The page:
373 F2d 20 Resor v. Rodriguez
373 F.2d 20
James F. RESOR, Appellant,
Felix RODRIGUEZ, Acting Warden, New Mexico State Penitentiary, Appellee.
United States Court of Appeals Tenth Circuit.
February 13, 1967.
George A. Graham, Jr., Santa Fe, N. M., for appellant.
L. D. Harris, Sp. Asst. Atty. Gen., Albuquerque, N. M. (Boston E. Witt, Atty. Gen., Santa Fe, N. M., with him on the brief), for appellee.
Before PICKETT and SETH, Circuit Judges, and BROWN, District Judge.
The petitioner is a prisoner in the New Mexico State Penitentiary, having been sentenced on a robbery charge on September 14, 1962, by the New Mexico District Judge sitting at Raton. A petition for writ of habeas corpus was denied by the United States District Court, and this appeal was taken.
Petitioner urged before the District Court, and on this appeal, that his constitutional rights were violated during his arraignment before the state court in that he did not enter a voluntary and intelligent plea of guilty. He also argues that he was coerced into making a plea at that time.
The record shows that petitioner and four others were arrested in Taos, New Mexico, on a charge of robbing a service station. They were taken to the sheriff's office, a complaint was signed, and a preliminary hearing was had before a justice of the peace. The defendants were then placed in the Taos County Jail. Two days later, the five defendants were taken to Raton for arraignment. In the meantime, to the original charge of armed robbery there had been added a second count of unarmed robbery. It appears that the prisoners agreed to plead to the lesser charge of unarmed robbery, and it was on this basis that the sheriff undertook to take the five of them to Raton for the plea. Raton is located in a different county, but in the same judicial district and a place where the district judge was available for the hearing. The five defendants then appeared before the state district judge in Raton, and the record shows that they each entered a plea of guilty to a charge of unarmed robbery.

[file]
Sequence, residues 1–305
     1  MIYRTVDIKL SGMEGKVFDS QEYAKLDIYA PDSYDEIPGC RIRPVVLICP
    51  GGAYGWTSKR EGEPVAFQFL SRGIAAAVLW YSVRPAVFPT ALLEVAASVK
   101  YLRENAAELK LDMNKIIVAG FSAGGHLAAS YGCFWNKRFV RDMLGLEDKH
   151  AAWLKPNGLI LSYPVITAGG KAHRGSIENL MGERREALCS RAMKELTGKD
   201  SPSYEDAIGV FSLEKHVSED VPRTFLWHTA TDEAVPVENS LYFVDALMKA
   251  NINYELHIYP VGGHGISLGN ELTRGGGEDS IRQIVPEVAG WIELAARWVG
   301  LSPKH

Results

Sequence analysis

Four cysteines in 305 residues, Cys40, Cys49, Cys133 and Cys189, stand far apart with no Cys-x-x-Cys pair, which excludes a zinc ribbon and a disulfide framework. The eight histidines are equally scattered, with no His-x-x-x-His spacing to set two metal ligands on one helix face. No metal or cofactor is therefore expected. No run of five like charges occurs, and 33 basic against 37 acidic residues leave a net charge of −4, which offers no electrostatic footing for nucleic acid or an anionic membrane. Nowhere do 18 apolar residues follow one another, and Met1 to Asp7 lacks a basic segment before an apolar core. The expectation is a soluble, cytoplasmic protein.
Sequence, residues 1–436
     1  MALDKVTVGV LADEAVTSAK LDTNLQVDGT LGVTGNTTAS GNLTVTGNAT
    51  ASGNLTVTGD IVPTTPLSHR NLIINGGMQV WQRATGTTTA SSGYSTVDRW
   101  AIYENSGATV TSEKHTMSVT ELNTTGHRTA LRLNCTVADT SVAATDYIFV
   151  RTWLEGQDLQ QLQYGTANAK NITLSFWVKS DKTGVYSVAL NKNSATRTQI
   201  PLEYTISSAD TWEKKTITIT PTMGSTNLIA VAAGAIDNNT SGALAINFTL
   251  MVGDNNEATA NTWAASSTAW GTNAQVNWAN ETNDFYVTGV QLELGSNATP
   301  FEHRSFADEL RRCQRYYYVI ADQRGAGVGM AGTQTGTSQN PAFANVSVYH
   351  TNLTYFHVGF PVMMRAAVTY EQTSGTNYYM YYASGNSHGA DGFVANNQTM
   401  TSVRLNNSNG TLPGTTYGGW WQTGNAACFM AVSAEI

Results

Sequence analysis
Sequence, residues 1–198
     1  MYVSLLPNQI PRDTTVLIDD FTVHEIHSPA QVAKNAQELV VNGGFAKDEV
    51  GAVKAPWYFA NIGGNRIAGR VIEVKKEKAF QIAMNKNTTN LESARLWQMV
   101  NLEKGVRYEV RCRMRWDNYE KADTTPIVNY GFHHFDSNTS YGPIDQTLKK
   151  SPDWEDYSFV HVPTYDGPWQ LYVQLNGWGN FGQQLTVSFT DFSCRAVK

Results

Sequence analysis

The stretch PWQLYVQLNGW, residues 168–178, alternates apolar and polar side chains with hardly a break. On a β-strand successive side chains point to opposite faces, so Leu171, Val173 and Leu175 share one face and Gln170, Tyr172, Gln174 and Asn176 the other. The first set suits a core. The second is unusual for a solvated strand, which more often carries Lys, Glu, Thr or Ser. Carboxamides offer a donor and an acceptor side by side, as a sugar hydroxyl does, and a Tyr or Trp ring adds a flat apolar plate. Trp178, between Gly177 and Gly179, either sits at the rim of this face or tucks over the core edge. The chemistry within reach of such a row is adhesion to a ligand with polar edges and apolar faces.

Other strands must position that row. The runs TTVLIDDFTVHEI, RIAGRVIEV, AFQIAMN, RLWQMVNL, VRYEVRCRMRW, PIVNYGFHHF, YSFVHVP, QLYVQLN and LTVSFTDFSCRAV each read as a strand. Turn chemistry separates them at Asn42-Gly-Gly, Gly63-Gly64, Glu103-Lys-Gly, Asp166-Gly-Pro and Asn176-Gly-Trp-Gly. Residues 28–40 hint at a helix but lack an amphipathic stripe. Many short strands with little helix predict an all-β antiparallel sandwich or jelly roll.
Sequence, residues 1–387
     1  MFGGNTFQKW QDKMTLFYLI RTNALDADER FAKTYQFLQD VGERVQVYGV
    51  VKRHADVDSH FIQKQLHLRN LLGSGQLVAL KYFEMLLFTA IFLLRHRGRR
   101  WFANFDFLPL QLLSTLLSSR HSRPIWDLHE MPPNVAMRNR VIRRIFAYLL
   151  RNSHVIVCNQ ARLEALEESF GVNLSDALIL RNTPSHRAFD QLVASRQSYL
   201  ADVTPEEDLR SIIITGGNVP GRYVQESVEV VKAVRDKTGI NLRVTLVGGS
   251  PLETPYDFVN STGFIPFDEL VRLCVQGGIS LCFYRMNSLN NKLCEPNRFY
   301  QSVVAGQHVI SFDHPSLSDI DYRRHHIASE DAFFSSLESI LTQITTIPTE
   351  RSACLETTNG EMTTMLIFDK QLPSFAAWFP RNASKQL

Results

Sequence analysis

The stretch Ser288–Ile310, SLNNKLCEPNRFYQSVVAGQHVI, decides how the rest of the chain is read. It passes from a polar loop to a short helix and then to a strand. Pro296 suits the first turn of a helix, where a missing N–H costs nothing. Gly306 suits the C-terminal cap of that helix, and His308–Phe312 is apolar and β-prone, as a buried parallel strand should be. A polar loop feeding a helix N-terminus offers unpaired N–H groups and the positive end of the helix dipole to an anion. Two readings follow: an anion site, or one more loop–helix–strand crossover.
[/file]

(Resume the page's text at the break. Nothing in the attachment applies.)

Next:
The petitioner testified at the hearing in the United States District Court that prior to arraignment, he was not advised of his right to have counsel, that the charge was not explained, and that he did not individually enter a plea; instead someone else in the group or several of them besides himself actually spoke for the group. This testimony is contradicted by a stenographic record of what transpired during the course of the arraignment. This record shows that all of the defendants were advised of their rights to an attorney, that the charge was explained, and that each entered a plea of guilty.
The principal question raised on this appeal is whether or not the record of the arraignment was properly admitted before the United States District Court. The transcript of the proceedings before the court shows that the exhibit purporting to be a transcript of the proceedings before the state judge was offered in evidence, but was objected to by the attorney for the petitioner on the ground that the document offered was an unverified copy, and further that there was no foundation laid for the introduction of the exhibit. The exhibit was examined by the court and the attorney for the state was questioned as to whether an original copy was available. He advised the court he would secure an authentication from the appropriate court clerk. A further discussion was had between the counsel and the court as to whether an original would be available, the attorney advising the court that attempts had been made to secure the original but it could not be found. The attorney for the state thereupon undertook to make a further attempt to secure a proper copy and the attorney for the petitioner then stated according to the transcript as follows: